Discovery from prawn family reported in international journal Zootaxa.
Raipur: In a path-breaking finding, a scientist has discovered three new aquatic species of the prawn family in the famed Kotumsar cave of Chhattisgarh, believed to be four million years old.
The cave may hold clues to evolution of known and unknown faunal species, say experts.
The new amphipod crustacean species (akin to prawn in appearance), christened zoologically as Kotumsaria bastarensis has been found in one of the tiny water pools in the nearly one-km-long cave, located in the Kanger Valley National Park around 38 km from Jagdalpur, headquarters of Bastar.
"The new microscopic faunal species have been found in single pool in the cave. This is the only known member of Kotumsaridae, a zoological identification of faunal species, endemic to Kutumsar cave," said Y. Ranga Reddy, professor emeritus, department of zoology, Acharya Nagarjuna University, in Andhra Pradesh.
"The newly-discovered species, measuring 2 mm in length, have been endowed with constellation of very interesting characters which are not noticed in any of till known family of amphipods," said the Guntur-based scientist who has discovered the aquatic species during his visit to the cave along with a team of around 35.
The discovery has been covered in the international science journal Zootaxa.
The multi-floor cave has large number of isolated water pools fed by seepage water from the roof of the cave during the summer season. During monsoon, the cave water overflows and drains into the adjacent Kanger Dharna river, passing nearby.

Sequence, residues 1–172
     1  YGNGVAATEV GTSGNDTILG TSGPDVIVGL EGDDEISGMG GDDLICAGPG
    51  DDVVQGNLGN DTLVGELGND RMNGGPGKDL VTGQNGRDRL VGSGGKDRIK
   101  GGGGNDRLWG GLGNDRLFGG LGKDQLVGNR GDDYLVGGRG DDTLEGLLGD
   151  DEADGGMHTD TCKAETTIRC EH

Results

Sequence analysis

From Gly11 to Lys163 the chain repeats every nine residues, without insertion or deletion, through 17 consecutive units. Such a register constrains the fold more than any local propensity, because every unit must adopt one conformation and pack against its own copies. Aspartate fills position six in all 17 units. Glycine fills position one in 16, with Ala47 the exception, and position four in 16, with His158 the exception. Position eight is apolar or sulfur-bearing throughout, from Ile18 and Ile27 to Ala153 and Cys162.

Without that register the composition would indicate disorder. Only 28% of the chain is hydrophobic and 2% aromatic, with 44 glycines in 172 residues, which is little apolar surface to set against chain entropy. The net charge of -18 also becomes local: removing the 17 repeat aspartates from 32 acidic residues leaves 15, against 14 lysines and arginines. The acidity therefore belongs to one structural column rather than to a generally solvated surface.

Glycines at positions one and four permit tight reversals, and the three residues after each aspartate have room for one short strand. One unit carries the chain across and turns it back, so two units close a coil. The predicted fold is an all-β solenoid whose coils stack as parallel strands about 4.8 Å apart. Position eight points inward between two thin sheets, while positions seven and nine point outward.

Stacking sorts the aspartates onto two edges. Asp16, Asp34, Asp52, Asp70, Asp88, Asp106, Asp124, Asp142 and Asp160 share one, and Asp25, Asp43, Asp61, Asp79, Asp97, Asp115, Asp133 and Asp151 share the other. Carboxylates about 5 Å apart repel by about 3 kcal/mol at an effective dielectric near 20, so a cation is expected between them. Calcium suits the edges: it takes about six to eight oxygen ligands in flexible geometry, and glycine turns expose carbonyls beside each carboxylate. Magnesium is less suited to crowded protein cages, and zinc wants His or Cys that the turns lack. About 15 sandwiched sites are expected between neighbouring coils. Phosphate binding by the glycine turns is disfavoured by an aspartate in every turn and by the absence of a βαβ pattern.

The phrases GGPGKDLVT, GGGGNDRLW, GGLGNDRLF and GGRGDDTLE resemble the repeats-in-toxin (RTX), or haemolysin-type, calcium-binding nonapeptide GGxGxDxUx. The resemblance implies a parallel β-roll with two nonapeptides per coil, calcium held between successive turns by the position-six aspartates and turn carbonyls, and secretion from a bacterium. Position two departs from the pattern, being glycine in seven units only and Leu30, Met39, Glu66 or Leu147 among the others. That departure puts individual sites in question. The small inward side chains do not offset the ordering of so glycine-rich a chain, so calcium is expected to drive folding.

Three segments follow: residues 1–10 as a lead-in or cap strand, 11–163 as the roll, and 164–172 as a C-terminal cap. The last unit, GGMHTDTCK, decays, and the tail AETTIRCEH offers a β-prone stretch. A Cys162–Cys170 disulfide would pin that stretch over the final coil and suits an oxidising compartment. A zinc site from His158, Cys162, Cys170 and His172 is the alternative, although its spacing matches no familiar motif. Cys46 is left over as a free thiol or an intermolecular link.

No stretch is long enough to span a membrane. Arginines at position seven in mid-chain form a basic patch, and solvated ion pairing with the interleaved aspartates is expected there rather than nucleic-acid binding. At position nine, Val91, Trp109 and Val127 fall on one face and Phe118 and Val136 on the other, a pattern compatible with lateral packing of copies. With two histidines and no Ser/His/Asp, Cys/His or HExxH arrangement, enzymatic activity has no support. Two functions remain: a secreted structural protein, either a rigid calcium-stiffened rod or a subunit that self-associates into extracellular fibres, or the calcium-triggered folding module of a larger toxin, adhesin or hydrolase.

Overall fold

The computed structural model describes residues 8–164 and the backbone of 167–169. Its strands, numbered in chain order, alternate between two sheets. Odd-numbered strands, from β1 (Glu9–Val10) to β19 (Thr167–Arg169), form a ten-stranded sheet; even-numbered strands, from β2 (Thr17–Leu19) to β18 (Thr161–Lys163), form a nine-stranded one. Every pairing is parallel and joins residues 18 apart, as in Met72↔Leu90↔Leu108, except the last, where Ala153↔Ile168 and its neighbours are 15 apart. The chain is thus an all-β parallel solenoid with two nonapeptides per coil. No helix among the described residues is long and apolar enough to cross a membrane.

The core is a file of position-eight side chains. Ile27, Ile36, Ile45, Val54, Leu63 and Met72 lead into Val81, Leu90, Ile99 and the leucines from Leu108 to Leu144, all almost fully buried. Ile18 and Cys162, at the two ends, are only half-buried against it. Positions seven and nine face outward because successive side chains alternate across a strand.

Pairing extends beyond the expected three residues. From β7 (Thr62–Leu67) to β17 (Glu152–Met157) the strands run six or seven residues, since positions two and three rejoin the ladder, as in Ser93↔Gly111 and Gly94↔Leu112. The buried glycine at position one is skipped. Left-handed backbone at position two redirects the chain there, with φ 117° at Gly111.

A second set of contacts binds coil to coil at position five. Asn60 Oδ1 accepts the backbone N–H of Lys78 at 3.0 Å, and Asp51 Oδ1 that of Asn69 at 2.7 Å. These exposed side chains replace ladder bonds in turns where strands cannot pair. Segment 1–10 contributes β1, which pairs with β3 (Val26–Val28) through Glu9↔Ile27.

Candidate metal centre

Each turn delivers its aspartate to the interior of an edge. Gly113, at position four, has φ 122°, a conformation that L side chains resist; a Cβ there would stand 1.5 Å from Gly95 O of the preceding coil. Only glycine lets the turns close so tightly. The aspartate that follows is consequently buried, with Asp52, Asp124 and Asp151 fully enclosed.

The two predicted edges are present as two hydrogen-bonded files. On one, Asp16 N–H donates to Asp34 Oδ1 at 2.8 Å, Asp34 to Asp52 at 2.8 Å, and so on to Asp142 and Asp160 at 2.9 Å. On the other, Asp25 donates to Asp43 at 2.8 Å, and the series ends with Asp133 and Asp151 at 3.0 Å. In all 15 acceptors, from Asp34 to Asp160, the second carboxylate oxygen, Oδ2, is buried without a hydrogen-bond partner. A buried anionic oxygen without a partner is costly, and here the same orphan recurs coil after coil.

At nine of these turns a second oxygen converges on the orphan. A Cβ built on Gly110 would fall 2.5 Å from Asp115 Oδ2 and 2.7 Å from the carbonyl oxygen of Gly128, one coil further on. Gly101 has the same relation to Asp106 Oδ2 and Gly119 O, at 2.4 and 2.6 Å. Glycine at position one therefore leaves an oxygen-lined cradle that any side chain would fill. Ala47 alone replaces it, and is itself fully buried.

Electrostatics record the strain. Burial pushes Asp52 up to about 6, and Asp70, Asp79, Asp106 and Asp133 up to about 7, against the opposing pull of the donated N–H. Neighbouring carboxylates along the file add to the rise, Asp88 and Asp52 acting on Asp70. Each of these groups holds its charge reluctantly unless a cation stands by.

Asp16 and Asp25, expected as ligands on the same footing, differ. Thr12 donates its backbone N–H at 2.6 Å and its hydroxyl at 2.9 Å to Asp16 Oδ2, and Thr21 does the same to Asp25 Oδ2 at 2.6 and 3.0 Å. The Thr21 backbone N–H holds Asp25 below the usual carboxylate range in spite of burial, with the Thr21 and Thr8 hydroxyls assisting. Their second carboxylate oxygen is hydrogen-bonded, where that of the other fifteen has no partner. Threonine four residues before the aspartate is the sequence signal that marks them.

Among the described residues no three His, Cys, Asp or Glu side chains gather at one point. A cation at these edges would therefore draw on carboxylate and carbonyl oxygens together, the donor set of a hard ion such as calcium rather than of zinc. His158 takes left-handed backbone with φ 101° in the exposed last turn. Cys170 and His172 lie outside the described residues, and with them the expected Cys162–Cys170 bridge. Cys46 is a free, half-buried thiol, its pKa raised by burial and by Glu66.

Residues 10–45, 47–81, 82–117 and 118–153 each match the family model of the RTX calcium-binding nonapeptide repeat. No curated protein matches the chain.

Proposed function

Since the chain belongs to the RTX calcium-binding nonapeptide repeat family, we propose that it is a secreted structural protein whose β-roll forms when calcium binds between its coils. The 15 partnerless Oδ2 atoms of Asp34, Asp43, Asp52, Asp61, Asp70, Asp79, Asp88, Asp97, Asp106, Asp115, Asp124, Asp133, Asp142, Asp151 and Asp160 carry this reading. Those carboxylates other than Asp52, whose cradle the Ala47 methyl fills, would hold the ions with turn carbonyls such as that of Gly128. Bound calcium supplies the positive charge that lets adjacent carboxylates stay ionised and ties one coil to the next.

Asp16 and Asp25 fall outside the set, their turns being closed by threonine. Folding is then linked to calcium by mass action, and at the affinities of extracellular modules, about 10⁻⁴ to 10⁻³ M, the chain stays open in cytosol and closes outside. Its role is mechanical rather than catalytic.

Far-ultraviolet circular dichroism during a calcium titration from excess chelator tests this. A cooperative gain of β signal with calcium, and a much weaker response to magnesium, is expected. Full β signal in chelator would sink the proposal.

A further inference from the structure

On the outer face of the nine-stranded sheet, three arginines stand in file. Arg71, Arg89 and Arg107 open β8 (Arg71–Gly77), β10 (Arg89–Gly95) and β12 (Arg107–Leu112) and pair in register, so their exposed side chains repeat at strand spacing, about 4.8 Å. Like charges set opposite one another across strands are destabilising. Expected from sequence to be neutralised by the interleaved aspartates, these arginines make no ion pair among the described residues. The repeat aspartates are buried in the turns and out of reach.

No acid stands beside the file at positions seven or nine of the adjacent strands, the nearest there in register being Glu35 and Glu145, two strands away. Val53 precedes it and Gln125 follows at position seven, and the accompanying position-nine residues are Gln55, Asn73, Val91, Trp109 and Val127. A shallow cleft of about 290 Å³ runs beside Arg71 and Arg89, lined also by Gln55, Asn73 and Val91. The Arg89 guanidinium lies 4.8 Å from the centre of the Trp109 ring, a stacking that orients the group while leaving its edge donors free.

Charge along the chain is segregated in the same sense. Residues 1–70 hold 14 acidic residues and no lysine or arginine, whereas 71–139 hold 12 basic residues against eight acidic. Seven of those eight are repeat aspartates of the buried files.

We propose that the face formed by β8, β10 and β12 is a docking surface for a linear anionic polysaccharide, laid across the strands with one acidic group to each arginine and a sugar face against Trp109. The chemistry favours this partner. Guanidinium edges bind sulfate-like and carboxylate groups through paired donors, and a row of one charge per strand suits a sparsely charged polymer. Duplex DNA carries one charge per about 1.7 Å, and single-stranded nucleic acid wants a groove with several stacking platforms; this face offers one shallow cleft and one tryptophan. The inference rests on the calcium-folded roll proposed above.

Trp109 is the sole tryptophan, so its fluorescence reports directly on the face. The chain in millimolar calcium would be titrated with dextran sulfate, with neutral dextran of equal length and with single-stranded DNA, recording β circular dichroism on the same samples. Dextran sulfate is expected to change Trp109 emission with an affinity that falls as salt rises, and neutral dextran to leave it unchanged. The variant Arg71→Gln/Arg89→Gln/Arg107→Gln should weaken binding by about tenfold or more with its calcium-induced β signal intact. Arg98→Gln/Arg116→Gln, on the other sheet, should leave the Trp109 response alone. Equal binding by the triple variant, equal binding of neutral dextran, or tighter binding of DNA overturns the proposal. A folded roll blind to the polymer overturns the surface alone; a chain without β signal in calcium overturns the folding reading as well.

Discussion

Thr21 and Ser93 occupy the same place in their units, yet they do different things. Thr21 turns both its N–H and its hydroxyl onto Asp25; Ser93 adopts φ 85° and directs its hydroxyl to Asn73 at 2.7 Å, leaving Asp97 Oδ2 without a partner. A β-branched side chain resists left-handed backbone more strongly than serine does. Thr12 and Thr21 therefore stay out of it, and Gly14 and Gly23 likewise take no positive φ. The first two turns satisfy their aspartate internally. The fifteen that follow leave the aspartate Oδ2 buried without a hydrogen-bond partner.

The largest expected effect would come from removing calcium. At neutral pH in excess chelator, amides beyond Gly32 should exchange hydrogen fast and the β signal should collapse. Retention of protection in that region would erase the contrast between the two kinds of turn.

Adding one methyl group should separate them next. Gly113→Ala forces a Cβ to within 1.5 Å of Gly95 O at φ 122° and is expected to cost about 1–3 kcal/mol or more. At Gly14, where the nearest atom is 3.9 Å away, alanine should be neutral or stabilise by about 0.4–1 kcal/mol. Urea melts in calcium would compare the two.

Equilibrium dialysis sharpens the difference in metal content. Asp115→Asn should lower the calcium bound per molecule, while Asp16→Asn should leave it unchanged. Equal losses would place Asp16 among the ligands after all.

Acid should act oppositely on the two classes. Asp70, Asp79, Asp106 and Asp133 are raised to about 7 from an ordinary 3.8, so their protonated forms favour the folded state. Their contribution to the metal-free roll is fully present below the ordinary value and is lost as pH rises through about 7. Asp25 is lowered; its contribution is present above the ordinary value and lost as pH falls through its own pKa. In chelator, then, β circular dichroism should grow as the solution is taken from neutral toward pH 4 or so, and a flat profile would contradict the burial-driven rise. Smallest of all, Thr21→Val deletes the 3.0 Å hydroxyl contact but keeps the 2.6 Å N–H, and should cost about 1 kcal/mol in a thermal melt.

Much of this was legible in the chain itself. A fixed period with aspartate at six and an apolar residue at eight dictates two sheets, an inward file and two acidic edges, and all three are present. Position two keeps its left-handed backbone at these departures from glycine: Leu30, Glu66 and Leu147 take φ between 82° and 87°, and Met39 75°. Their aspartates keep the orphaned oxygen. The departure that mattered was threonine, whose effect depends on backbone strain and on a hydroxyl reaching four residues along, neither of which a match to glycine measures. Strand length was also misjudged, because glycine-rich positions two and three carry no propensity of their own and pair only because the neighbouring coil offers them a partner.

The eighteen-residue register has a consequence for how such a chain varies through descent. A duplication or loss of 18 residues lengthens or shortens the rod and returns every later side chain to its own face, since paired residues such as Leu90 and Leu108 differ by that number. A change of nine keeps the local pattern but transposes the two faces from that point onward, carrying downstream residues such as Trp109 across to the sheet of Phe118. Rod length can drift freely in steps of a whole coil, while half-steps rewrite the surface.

"It is a sensational discovery," said A.K. Pati, former head of the department of life science, Pandit Ravishankar Shukla University (PRSU), Raipur in Chhattisgarh, who had organised the tour of scientists to the cave.
Significantly, the study on these aquatic fauna has revealed that they have close affinity to their sister species found in Africa, Australia and Latin America, which were part of Gondwanaland before the continental drift.
"The new genus, found sightless and without pigment, is the only third subterranean amphipod recorded till date from the Indian subcontinent," Dr Reddy said.
The amphipods may have migrated to the cave pool from ground water through crevices.
"There is every likelihood of presence of such yet-to-be known microscopic faunal species in the water pools of Kotumsar, considered one of the biodiversity-rich caves in India", he said.
"Kotumsar cave is a natural laboratory for biologists. It can be categorized as one of the unique caves in the world considering its rich diversity of fauna," Dr Pati who had earlier made an equally sensational discovery that demolished the age-old myth that the loach species endemic to the cave are sightless owing to their propagation in perpetual dark environment for millions of years.
Prominent among the faunal species found in the cave include fish, frog and bats. The subterranean cave endowed with unique biodiversity, is yet to be explored adequately, Dr Pati who is currently serving as vice-Chancellor of Gangadhar Meher University, Sambalpur, in Odisha, said.